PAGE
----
Big Butts: How to grow your glutes
Hi ladies, Lauren here! I unfortunately did not win the genetic lottery when it came to my butt, and was blessed with a bit of a flat pancake (thanks mum and dad!). Looking through social media, big butts seem to be very on trend at the moment, and while some people may think it’s great and want to grow their glutes, others may not, and that’s perfectly okay, everyone has different goals for their bodies! But if you’re looking for some tips to grow those glutes, keep reading.
Anatomy of the glutes
The Glutes are made up of 3 muscles, the gluteus minimus, the gluteus Medius, and the gluteus Maximus. Each play a different role, so you want to ensure you are working all three, just like you would train the front and backs of your legs. The glute max is one of the largest muscles in your body, and is the most superficial (close to the surface) of your glute muscles, which means that this is the muscle that will give you some shape. The glute med is located on the sides of your butt, and your glute min lies underneath both of these muscles. The glute med and min work with the glute max, to provide stability, and assist with simple tasks like walking and running.
Why should you train your glutes?
It’s not just about getting a Kim K butt (although, I’m not convinced hers is 100% real…!) I personally would love to have bigger glutes, not only to have a bigger butt, but also because inactive glutes can lead to injuries in your hips and knees. A sign of inactive glutes can be knee pain, tightness in your quadriceps, or excessive fatigue in your quadriceps to name a few. Bear in mind that inactive glutes are not the only cause of these injuries, and you should always get these issues checked over by a doctor or a physiotherapist.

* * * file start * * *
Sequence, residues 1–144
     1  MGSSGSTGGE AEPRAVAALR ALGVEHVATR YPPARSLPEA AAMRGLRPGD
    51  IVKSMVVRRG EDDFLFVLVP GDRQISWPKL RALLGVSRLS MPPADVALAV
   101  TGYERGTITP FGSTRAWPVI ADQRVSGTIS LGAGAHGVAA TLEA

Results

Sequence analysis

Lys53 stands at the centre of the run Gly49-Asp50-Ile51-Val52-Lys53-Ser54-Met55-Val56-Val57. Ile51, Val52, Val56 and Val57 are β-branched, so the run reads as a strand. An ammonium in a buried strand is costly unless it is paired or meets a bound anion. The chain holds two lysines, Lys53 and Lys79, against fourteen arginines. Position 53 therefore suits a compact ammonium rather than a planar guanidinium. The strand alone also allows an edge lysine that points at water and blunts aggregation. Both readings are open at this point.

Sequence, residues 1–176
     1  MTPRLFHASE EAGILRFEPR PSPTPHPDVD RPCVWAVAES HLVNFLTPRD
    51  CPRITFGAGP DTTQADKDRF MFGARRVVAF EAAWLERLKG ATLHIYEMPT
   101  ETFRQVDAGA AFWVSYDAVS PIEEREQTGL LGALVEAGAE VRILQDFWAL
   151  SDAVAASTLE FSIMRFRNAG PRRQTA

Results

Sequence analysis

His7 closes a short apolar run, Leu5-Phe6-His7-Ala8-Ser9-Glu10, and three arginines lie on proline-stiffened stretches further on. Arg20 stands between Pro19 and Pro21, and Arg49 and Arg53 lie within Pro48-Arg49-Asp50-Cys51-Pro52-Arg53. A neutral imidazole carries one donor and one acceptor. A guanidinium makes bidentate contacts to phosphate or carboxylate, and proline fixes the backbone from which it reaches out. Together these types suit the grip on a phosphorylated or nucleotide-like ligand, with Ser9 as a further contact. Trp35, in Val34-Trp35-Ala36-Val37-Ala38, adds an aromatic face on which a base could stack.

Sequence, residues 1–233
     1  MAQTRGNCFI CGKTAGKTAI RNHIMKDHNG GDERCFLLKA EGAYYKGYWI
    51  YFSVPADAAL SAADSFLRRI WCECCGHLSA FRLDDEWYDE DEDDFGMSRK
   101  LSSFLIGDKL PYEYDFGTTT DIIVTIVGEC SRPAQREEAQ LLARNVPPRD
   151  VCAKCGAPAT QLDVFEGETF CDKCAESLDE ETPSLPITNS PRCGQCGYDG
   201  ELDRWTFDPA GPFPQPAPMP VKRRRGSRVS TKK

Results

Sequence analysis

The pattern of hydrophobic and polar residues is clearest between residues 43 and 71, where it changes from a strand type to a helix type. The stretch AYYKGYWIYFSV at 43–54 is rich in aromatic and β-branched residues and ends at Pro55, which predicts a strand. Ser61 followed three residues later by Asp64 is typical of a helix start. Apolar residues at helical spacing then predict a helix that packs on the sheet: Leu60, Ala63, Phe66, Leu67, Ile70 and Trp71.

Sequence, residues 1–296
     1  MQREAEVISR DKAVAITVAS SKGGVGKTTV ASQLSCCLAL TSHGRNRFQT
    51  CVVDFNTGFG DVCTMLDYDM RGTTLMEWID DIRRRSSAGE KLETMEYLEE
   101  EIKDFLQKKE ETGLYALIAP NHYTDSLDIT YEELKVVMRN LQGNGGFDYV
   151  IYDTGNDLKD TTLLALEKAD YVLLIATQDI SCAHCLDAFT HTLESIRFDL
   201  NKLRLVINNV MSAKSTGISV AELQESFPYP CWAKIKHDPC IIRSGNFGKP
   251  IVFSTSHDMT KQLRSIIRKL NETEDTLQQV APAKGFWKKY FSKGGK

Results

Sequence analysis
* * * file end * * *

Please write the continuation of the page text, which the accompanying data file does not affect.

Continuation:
What a glute-focused leg day looks like for me/Key glute building exercises:
My glute focused leg days have the same 3 exercises always. These exercises are:
- Hip thrusts
I then add in two or three more “specialized” exercises, such as:
- Bulgarian split squats
- Hamstring curls
- Curtsey lunges
- Donkey kicks
- Crab walks
I use the first three exercises every single leg day (I do 2 a week), this is because they are compound movements, meaning they train a range of different muscles and joints, which will overall help you gain strength everywhere. This is different to a hamstring curl, which is an isolated/specialised exercise, which targets the hamstrings alone. After having done my fair bit of research, I believe having a majority of your exercises be compound exercises, and throwing in some isolation exercises at the end of a workout are the best way to overall gain strength (and lose fat!)
Resistance bands and glute activation:
Glute activation is something I’ve only learnt about in the past year. When it comes to squats for example, you should be able to feel your glutes working, but there was a long time where I really didn’t feel them working, so I stopped doing them. Now that I’ve learned to activate my glutes, I never fail to feel them working! A lot of us are sitting constantly, whether we are at school, uni, or an office job. This means that our poor glutes get next to no use, which causes them to be inactive, so when it comes to doing your squats, your butt may not activate.
You can activate your glutes by using a resistance band (we have them hanging up by the dumbbells). You want to make sure that the resistance band is tight around your thighs, just above your knees. There are a number of exercises you can do to warm up your glutes, such as squats, clams, glute bridges, donkey kicks, and fire hydrants. If you’re lost on what sort of exercises to do, there are a lot of YouTube videos to help you get started! It should take you about 5 minutes to warm up your glutes, you don’t want to tire yourself out before you’ve even started your workout!
How long will it take to grow my glutes?
This will depend on genetics, how often you train, and what you eat. In order to gain muscle, you want to be eating in a calorie surplus. You can still gain muscle on your normal number of calories or even in a deficit, but it will take longer. While eating in a surplus, it is said to take around three months to really grow your glutes and see progress, however genetics also plays a part, for some it will take a lot less time, and for some (including me ☹) it will take a little longer. By adding some of those compound and isolated exercises to your next leg day, I’m sure you’ll start to see some results soon!
If you have any questions about glutes or want some ideas for exercises, don’t hesitate to let us know and we’ll be sure to help you out!
See you ladies soon!